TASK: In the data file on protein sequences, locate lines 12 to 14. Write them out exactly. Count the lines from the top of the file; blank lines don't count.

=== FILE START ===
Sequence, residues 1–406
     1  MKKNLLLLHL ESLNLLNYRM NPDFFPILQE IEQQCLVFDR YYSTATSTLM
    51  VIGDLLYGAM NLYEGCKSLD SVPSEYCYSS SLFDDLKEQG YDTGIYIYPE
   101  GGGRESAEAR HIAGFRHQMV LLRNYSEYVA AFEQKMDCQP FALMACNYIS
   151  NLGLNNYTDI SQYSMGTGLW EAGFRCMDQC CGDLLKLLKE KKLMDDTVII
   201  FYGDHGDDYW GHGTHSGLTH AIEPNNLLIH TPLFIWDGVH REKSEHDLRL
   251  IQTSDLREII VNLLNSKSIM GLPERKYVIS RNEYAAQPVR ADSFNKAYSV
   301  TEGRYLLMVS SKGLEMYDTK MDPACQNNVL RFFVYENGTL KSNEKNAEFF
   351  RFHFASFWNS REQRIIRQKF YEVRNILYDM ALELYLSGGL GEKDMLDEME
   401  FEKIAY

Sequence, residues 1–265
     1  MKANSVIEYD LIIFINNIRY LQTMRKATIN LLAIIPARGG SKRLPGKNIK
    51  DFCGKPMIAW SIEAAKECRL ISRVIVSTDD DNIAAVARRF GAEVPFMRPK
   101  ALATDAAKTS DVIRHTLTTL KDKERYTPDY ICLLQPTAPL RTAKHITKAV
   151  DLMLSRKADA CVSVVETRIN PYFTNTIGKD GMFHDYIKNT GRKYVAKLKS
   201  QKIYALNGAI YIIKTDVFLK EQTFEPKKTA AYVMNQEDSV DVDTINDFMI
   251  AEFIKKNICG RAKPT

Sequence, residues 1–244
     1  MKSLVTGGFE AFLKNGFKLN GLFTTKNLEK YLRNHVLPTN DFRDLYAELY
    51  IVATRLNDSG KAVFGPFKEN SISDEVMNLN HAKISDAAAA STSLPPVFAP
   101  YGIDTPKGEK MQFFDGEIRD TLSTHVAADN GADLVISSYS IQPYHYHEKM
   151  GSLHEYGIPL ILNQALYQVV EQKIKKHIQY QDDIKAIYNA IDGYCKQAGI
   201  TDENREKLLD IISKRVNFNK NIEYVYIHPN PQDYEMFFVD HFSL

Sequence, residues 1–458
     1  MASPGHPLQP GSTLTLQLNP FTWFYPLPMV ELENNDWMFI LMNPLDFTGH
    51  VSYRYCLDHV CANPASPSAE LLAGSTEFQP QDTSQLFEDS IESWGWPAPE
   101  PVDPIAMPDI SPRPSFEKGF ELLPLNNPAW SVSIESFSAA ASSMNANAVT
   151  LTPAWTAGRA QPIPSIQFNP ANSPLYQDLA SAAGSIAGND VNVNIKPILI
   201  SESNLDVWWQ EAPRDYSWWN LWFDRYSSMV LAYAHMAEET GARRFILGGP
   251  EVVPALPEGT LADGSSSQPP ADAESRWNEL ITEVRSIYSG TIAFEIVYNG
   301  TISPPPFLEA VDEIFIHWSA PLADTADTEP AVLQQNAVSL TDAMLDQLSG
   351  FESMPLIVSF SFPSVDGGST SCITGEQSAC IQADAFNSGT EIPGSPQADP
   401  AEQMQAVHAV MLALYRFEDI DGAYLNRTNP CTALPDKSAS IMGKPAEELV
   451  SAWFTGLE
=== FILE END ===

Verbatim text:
     1  MKANSVIEYD LIIFINNIRY LQTMRKATIN LLAIIPARGG SKRLPGKNIK
    51  DFCGKPMIAW SIEAAKECRL ISRVIVSTDD DNIAAVARRF GAEVPFMRPK
   101  ALATDAAKTS DVIRHTLTTL KDKERYTPDY ICLLQPTAPL RTAKHITKAV